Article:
Sofia-based Viblast inks contract and will stream World Cup

June 20, 2014

[Viblast in the media - originally published at on 20 June 2014]

The big World Cup game is starting and stuck at work, you are reduced to gnawing at your desk in frustration every time you see that dreaded buffering sign just seconds away from a free kick. Gnaw no more. Bulgarian-based Viblast offers an innovative solution for HD streaming and, less than two months after its official launch, has bagged several contracts, including one to facilitate the streaming parts of the World Cup event to Bulgarian audiences, to the collective relief of office furniture everywhere.

The initial agreement with the Bulgarian National Television is for pilot streaming of the BNT World channel, targeted at Bulgarians abroad, which is already rolling. The idea is to test the technology in stages and to gradually include the other channels from the national broadcaster’s portfolio. In order to secure the partnership they went all the way to the top, CEO Stefan Dimov explains: “We presented directly to BNT’s General Manager Vyara Ankova, who liked the idea and in principle believes in using innovative technologies to improve the BNT’s services.”

In talks with Spain and Italy

Everyone’s favorite topic these days, the World Cup, for which BNT dusted off the HD channel they use to broadcast big sporting events, is also part of those plans. But more than that, for the company it means “validation of the service and trust from future clients and partners,” Dimov says. For now, although both BNT and Viblast are eager to roll out the full package as early as possible, growing pains means they will most likely only manage for the second half of the event.

Not stopping with Bulgaria, Viblast has also secured a paying customer in the US – a large OTT supplier, servicing the military. Other networks have expressed interest as well and the team is in talks with Spanish TVE and CNBC Italy.

The Viblast team scooping up the WebRTC award in London. Photo credit: ViblastIt all began with the World Cup ...

Even though it was only officially launched in March, Viblast’s service was born as a side project during the previous World Cup, when developers at Setelis Labs experienced some desk-gnawing moments of their own. Building on the often-vilified peer-to-peer technology, the team created a software layer that allows seamless streaming by sharing bits of information with everyone else who is watching. The process is seamless for viewers and does not require additional installations, because it relies on WebRTC. Their ingenuity is partly because they turned to the fairly new WebRTC standards right before they became popular. As a result, they were among the first to offer a working platform based on the standards, which this year won them the best innovation prize at the WebRTC Global Summit in London.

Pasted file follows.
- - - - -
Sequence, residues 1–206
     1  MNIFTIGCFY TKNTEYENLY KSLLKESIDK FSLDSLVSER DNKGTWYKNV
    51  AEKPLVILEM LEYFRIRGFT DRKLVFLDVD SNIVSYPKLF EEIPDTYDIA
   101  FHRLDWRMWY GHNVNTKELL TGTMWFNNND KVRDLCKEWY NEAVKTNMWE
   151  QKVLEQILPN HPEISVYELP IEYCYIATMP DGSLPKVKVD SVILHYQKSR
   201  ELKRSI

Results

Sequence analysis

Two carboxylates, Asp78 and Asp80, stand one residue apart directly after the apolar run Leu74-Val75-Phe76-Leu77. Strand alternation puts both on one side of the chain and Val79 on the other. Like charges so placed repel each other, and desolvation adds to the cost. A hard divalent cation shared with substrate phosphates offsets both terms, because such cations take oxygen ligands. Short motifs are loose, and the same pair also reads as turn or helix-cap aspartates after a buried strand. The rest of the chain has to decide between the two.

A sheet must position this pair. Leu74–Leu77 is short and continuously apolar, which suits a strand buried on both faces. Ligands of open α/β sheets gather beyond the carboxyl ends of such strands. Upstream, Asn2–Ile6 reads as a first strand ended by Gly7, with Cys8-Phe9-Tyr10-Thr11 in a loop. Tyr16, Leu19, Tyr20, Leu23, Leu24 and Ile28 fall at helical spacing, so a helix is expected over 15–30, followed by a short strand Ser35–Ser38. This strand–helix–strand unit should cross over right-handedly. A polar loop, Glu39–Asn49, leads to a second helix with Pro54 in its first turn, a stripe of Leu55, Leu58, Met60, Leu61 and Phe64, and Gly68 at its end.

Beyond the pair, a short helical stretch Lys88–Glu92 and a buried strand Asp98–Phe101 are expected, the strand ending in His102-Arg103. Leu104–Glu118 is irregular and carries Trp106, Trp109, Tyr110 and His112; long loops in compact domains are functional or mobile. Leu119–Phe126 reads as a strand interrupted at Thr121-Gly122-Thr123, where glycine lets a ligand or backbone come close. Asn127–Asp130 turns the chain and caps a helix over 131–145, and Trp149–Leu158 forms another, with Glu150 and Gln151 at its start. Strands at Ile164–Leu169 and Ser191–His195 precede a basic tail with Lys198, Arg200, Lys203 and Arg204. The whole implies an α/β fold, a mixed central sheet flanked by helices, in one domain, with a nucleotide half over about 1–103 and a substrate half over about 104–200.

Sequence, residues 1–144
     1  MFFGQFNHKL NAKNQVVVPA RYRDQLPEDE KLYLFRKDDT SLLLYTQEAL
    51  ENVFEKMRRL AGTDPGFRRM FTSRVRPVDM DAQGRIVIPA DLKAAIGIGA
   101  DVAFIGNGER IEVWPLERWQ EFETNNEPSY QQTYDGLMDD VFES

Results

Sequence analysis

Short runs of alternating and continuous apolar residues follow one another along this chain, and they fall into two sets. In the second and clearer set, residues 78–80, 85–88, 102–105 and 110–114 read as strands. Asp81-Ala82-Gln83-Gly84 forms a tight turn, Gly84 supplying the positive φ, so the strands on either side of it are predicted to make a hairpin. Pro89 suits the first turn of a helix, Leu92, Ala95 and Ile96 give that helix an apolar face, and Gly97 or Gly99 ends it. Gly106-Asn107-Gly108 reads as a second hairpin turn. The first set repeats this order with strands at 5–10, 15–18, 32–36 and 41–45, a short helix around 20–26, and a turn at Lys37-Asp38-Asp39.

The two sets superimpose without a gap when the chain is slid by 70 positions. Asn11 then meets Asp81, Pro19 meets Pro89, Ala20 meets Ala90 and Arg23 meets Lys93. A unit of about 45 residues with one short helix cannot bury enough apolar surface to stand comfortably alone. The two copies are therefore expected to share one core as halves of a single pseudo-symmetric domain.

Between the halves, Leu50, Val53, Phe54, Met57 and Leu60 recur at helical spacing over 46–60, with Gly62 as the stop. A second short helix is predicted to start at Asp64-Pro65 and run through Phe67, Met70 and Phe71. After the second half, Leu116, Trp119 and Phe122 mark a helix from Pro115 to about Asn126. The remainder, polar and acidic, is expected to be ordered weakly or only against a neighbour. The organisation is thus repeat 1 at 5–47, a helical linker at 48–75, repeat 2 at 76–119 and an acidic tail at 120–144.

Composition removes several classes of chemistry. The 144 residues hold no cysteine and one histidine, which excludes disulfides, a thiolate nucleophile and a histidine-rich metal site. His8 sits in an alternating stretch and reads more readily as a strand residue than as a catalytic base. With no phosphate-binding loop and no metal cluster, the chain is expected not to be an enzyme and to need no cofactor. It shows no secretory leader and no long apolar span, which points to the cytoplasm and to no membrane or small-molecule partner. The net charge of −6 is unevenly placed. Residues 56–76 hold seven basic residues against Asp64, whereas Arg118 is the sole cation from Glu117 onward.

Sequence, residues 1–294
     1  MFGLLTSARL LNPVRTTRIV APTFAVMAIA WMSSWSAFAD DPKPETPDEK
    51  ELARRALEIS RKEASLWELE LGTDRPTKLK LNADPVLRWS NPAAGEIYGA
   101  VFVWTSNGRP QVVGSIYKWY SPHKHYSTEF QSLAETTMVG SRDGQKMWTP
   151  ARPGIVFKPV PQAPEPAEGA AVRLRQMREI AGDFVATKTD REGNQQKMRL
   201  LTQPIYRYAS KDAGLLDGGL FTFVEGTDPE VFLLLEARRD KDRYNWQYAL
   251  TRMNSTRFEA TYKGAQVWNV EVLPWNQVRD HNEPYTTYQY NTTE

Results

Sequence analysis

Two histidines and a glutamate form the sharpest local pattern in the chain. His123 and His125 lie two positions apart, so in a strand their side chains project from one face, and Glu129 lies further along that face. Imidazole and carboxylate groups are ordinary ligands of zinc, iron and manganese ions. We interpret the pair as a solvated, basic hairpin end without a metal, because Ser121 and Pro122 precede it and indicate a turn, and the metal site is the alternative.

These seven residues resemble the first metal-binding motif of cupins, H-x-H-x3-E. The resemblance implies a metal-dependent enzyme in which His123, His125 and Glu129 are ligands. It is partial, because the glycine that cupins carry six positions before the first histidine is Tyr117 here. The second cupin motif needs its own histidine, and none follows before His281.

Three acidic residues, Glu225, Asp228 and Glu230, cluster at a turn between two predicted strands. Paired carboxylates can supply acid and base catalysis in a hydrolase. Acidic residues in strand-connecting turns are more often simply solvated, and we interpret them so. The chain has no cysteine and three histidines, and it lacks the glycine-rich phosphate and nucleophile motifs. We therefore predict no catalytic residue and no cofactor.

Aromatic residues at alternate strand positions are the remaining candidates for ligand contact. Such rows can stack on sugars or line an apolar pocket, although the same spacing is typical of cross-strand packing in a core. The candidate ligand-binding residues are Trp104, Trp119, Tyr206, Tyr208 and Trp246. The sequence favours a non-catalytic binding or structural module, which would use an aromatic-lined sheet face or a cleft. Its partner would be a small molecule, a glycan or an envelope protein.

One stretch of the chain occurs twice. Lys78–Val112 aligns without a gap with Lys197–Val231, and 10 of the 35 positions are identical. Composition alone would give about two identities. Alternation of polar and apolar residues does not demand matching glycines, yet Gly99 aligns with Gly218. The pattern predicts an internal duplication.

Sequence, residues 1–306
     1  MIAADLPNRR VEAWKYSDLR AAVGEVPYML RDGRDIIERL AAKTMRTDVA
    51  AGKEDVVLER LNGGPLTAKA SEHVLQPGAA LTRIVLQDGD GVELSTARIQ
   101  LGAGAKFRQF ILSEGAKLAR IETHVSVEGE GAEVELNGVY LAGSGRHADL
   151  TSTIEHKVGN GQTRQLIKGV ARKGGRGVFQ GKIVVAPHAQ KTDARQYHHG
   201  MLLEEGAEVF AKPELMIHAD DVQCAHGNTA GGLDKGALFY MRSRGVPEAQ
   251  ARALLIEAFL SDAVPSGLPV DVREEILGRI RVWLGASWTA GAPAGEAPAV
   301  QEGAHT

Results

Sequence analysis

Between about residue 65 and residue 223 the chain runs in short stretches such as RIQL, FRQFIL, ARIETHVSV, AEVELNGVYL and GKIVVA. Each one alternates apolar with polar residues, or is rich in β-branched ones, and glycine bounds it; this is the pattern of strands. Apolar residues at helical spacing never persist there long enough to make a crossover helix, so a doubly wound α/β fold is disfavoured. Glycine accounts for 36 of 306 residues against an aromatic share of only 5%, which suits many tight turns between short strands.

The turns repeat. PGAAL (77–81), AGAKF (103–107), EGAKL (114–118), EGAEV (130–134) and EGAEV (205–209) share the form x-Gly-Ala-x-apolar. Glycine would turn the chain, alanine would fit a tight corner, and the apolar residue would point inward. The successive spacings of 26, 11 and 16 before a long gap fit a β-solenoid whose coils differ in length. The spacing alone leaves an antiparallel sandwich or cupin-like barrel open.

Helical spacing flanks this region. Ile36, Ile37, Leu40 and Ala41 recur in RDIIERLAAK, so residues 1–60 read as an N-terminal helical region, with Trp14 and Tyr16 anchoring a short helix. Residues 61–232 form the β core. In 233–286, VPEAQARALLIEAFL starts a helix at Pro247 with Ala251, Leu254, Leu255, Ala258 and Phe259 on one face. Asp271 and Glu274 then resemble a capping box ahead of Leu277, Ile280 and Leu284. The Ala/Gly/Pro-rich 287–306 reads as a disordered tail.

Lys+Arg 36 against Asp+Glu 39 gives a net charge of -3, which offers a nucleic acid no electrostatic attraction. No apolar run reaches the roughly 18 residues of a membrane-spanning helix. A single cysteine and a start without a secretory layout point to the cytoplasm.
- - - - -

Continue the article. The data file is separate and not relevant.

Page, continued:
In the beginning, however, the software was no more than an in-house pet for close to three years before it was spun off into a separate company. When investment fund LAUNCHub expressed interest in the fall of 2013 Viblast was born to Stefan Dimov, Petar Bozhkov and Lyubomir Chorbadzhiev. The trio has secured a total of 200.000 Euros from LAUNCHub in two installments and are now focused on signing on more paying customers by September, when they plan to go for a Series A round of funding.

Riding on the virtual highway

They have also been busy reaping awards at pitching competitions and showcasing their product locally and abroad. At the DigitalK conference, they won the mini seedcamp competition, leaving the jury of seasoned venture capitalists itching to write a check, and during last weekend’s betapitch Sofia, they were awarded tickets to both betapitch Global and The European Pirate Summit.  

Viblast’s appeal to investors is that their potential customers include anyone who has video content and wants to make it available online in high definition. The way Viblast’s pricing works, broadcasters will be paying based on the traffic they have saved while using the technology. Roughly it comes out at about half the amount they would be paying for broadcasting the conventional way.

But money is not always everything, and what their clients may value most is saving face when avoiding high-profile breakdowns like ABC’s Oscars 2014 fiasco. Viblast’s forte, Dimov says, is actually live video, “especially in high traffic peaks during big events broadcast by the media that generate strong interest in a short period of time. In most cases, in order to maintain the service in peak moments, the broadcaster is faced with unforeseen expenses, while our technology works in reverse and the more viewers there are, the better it is for the network.” In other words, Viblast have created a service where the more really is the merrier and traffic-related crashes are a thing of the past. On the virtual highways, that is.